Area superintendents introduce phase-in to back to school

NILES — Two area superintendents have announced phase-in approaches to back to school for the fall. With the unique challenges of added safety precautions and protocols due to COVID-19, the superintendents hope the approach better prepares everyone involved for returning to classes, virtually or in-person.

Both Dan Applegate, superintendent of Niles Community Schools, and Karen Weimer, superintendent of Brandywine Community Schools, announced plans to take the week prior to Labor Day to conduct orientation and ready students and parents for what the school year will look like.

“On a normal year, the start of school is controlled chaos,” Weimer said. “It is pressure filled enough that we thought, let’s step back a bit. Having the orientation will allow teachers and students to meet and prepare.”

The multi-step approach also means the two school systems will be able to test and evaluate their protocols with smaller groups of students. If issues arise, administrators and educators will be able to use the Labor Day weekend to pivot plans.

Applegate said the phase-in approach was in response to conversations had with educators prior to presenting and approving the plan.

“We have a lot of safety measures and safety protocols put in place,” Applegate said. “We want to see if the measures will work and keep everyone safe.”

He said the originally anticipated first couple days of school would be shifted to parent-teacher-student conferences.

“We will have everyone come in and take a look,” Applegate said. “Those days, the parents and the teacher will sit down and talk about what instruction will look like, what the classroom looks like, face coverings and address all the kinds of other questions they might have.”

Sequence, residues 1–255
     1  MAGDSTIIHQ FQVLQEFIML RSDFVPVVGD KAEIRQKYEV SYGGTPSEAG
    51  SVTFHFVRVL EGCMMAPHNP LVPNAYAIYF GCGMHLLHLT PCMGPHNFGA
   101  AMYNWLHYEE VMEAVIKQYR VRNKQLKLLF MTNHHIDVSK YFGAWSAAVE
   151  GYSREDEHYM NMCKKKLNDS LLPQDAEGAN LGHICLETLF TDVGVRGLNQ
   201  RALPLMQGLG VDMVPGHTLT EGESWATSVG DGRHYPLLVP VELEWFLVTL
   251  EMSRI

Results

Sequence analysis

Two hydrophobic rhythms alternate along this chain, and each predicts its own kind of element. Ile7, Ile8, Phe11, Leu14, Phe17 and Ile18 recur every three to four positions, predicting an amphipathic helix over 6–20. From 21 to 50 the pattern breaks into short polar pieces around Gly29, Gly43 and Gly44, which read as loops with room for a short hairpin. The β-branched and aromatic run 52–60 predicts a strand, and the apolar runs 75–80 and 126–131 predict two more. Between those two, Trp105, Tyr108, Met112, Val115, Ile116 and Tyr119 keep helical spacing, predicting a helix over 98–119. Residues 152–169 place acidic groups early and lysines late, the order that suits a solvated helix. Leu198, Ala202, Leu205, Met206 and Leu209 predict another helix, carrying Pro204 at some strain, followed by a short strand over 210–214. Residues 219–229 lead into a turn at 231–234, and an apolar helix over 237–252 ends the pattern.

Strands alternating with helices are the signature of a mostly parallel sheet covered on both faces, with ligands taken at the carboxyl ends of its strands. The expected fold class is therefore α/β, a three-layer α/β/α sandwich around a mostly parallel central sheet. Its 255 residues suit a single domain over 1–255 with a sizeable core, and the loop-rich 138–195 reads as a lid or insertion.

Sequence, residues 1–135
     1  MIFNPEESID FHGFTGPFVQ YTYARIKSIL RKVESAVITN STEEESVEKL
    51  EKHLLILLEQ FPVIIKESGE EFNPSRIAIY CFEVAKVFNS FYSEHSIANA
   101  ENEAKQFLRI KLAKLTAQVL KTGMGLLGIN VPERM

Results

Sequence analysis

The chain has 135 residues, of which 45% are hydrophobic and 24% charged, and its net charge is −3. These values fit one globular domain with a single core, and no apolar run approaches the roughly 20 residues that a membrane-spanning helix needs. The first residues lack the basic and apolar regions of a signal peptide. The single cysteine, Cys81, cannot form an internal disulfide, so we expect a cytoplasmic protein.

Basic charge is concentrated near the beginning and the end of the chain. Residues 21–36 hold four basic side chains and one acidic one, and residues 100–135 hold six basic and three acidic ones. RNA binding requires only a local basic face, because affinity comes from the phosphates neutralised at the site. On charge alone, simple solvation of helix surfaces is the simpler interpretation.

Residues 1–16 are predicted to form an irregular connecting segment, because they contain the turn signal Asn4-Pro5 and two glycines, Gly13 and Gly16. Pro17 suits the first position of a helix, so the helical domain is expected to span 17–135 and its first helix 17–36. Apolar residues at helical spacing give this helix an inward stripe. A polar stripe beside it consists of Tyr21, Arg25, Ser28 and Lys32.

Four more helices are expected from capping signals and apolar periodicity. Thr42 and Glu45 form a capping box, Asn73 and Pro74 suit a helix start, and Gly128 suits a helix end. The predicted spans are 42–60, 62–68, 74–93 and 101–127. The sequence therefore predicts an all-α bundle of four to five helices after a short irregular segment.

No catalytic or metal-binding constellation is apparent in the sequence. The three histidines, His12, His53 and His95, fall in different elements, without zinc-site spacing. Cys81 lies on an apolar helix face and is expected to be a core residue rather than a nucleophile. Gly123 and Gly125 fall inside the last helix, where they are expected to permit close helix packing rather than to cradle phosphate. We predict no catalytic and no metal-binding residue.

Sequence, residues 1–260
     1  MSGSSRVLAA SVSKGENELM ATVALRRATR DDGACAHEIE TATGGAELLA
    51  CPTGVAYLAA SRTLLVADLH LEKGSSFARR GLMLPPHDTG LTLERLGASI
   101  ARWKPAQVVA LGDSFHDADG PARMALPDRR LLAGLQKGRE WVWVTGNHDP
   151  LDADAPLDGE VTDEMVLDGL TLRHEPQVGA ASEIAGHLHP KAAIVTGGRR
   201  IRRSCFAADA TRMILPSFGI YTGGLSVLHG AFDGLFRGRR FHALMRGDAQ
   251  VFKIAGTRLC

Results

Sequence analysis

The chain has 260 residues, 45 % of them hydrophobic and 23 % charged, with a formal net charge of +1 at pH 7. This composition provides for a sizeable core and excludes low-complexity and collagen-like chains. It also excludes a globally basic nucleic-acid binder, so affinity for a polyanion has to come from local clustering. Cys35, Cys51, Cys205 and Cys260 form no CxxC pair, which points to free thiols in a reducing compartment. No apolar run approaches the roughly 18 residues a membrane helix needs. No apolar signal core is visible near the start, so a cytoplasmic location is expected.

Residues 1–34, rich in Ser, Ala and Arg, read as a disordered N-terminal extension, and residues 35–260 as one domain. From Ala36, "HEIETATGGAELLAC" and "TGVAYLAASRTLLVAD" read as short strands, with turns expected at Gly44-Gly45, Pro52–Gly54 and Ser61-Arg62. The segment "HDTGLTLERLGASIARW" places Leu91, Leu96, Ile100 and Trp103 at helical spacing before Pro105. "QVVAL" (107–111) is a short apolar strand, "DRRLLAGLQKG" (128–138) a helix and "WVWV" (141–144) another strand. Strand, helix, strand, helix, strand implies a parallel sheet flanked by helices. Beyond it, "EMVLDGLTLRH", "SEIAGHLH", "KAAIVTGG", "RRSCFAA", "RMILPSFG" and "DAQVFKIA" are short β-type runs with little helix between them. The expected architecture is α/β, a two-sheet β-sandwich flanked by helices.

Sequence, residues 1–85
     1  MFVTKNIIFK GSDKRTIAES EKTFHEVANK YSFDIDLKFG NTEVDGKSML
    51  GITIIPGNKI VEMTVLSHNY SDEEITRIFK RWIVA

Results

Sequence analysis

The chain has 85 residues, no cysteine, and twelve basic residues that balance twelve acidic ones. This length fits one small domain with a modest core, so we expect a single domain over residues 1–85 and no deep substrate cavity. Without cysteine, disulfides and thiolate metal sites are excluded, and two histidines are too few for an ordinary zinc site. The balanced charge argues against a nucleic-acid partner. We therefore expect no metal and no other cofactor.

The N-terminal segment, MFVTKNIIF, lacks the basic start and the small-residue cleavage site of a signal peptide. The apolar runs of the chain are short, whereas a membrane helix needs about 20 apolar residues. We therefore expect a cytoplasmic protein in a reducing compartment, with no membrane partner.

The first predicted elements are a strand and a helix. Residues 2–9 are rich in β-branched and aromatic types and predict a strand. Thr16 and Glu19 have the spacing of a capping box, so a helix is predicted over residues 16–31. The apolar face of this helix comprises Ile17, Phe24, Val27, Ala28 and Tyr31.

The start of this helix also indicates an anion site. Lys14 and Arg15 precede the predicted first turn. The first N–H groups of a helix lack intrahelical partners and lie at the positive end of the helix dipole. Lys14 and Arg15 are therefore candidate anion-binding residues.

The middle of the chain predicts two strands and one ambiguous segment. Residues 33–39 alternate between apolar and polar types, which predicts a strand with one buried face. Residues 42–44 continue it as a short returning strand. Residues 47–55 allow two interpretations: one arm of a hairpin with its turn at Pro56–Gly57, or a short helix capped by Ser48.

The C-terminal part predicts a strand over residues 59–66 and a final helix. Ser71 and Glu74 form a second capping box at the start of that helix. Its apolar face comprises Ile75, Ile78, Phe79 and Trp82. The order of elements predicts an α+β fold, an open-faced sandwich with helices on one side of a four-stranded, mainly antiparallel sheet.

He said this also gives everyone an opportunity to prepare for a shift.

“The unpredictable piece of this is we never know when we might go into remote learning again for Phase 3,” he said. “The teachers, parents and students will have those conversations too. That way, we will be ready. We did not get to have those conversations last year.”

Ensuring students, parents and teachers are ready for a potential shift from being in the classroom to being at home played a part in implementing the phase-in plan. It will give everyone a chance to prepare for a potential shift in the state’s reopening phases from Phase 4, where Michigan currently rests as cases of COVID-19 plateau and decline, to a Phase 3, where positive cases and hospitalizations are on the rise again. Phase 3 is the equivalent of the situation that shuttered schools on March 13, when students left in-person instruction last year.

On Aug. 23, Weimer released plans for what Bobcats families can expect beginning Aug. 31 to Sept. 1.

The Brandywine Community Schools plan also includes orientation, where parents, teachers and students will schedule a time to meet and discuss what in-class and virtual students can expect. At this time, the school will distribute Chromebooks to students who need a device.

Beginning Sept. 2, students will begin returning to classes depending on their grade or last name.

There was an emphasis in both districts’ plans on returning the youngest students first, to get them used to the schedule. Each district posted plans on their websites dividing up which students were to report in-person and who was to check in remotely, on each day.

After the Labor Day weekend, both superintendents intend for the school year to officially begin for everyone on Sept. 8.

“This is new for everybody,” Weimer said. “We are going to do what is right.”

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